Mavorixafor in WHIM Syndrome

X4 is developing mavorixafor as an oral, once-daily treatment for patients with WHIM syndrome. WHIM syndrome is a rare genetic primary immunodeficiency that results from “gain-of-function” mutations in the single gene that encodes for the CXCR4 receptor. These genetic mutations cause premature truncations in the CXCR4 protein, causing the receptor to remain in an “on” state longer than normal, resulting in compromised immune cell maturation and mobilization.

We have achieved clinical proof of concept for mavorixafor in a Phase 2 trial of WHIM syndrome where we observed reduction in severe neutropenia and significant lymphopenia; overall, mavorixafor was well tolerated. Additionally, patients experienced reduced infection rates, as reported by patients and the trial investigators. Substantial and visible reductions in wart lesions were also reported in a patient with a history of untreatable severe wart lesions. Based on the positive Phase 2 results, we initiated a global Phase 3 pivotal trial of mavorixafor in adults and pediatric patients with WHIM syndrome (4WHIM) and have now completed enrollment in the trial.

Currently, there are no approved therapies for the treatment of WHIM syndrome. Care is limited to the treatment of the different symptoms of WHIM and is mainly focused on the prevention and management of infections. None of these treatments, however, has been clinically proven to be effective for treating WHIM nor do they address the underlying cause of this multi-faceted disease, the genetic defect of the CXCR4 receptor. Mavorixafor has the potential to become the first disease-modifying therapy for the WHIM syndrome community.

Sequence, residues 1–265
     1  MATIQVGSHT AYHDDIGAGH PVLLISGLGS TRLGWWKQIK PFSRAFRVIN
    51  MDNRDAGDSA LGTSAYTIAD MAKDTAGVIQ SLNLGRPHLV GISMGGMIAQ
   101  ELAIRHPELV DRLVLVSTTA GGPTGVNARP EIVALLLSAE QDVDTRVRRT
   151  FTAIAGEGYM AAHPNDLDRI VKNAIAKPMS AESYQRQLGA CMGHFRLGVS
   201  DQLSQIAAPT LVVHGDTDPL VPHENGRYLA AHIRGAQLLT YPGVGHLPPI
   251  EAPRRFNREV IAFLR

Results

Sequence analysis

For more information on the 4WHIM Phase 3 trial, please visit www.4WHIM.com or www.clinicaltrials.gov (NCT 03995108).

 

X4 Pharmaceuticals does not review or control the content on the website to which this hyperlink connects and this hyperlink does not constitute an endorsement by X4 Pharmaceuticals of the content of any non-X4 Pharmaceuticals website.

Continue